A Silent Crisis: Seniors and Substance Abuse
One of the fastest growing health problems facing the country isn’t what most would expect. Substance abuse in adults aged 60 and older affects an estimated 17 percent of older adults, but this issue doesn’t get the attention it needs.
There are several reasons why this struggle has been ignored. Many older adults can feel reluctant about reaching out for professional help for addiction due a sense of shame. Overworked physicians with limited time may not notice substance abuse issues in older patients, and there is very little research data about this problem. In addition, senior adults’ addictions may easily remain hidden since the majority of older adults are able to live independently, are no longer working, have slower active social lives and drive less, making it more difficult for others to see their struggles.
Alcohol and drugs often have a stronger effect on older adults than younger individuals. Aging can create biological changes that can intensify the physical effects of substances. Addiction can even speed up the physiological aspect of aging, and can also increase the risk of illness and injury. The adverse effects of substances can also impair memory and attention in older adults more significantly than younger people.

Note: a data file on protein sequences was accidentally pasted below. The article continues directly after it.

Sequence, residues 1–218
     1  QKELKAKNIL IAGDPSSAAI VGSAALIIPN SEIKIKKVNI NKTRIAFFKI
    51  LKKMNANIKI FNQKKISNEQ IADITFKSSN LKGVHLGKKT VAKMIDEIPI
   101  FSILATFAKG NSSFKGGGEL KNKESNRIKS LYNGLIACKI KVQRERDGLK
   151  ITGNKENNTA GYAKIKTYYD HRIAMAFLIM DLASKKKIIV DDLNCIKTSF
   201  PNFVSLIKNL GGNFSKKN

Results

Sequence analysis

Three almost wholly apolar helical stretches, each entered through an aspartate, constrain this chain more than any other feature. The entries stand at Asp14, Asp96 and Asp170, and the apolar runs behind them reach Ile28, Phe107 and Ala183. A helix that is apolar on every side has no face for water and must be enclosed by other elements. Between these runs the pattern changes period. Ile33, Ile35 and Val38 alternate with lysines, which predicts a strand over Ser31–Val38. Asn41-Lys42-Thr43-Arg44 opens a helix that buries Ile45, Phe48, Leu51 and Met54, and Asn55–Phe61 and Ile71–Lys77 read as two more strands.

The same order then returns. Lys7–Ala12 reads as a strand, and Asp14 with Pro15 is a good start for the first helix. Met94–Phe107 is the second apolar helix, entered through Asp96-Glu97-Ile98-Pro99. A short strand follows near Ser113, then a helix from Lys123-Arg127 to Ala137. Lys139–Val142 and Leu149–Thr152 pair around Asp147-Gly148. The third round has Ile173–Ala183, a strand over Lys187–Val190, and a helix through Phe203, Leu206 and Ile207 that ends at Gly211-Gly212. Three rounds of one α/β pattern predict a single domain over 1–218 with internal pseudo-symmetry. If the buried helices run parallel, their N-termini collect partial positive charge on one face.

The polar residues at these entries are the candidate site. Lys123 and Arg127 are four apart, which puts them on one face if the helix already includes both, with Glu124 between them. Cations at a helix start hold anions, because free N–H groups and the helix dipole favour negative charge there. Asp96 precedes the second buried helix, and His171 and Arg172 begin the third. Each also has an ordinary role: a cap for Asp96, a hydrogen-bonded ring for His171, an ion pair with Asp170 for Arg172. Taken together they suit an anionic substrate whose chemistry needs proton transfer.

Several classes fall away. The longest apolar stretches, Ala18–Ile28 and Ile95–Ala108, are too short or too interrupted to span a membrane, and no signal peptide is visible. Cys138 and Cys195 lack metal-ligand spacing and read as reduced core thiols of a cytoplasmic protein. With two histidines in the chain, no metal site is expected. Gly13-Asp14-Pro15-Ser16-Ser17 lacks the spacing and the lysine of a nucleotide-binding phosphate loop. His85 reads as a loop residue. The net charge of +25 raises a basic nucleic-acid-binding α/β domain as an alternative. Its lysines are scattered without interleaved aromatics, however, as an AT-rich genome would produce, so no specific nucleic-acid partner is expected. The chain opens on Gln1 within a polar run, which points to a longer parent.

In the United States, adults over the age of 65 consume approximately 33% of all prescription drugs. Since they often take more than one medication at a time, this increases the chances of making mistakes with dosages and risking drug interaction that could have negative side effects. Pain killers and sleeping pills to treat insomnia are commonly prescribed to older adults, and if they are used over long periods of time, they can potentially lead to addiction.
Life changes can also make seniors more susceptible to addiction. Many older adults feel isolated, and substances can numb their feelings and fill idle hours and feelings of emptiness due to the loss of a spouse.
- Up to 14 % of elderly emergency room admissions are due to alcohol or drug issues
- Almost 50 % of people in nursing homes have alcohol issues
- Elderly adults are hospitalized for alcohol problems as often as they are for heart attacks
- Widowers over the age of 75 have the highest rate of alcohol addiction in the United States
Reclaiming Your Health
Seeking professional help for your addiction is the key to healing. At Champion Center, we offer an age-specific treatment that will help you cope with depression, loss and loneliness and provide techniques to establish a social support network. For more information, contact us at 844-394-3767.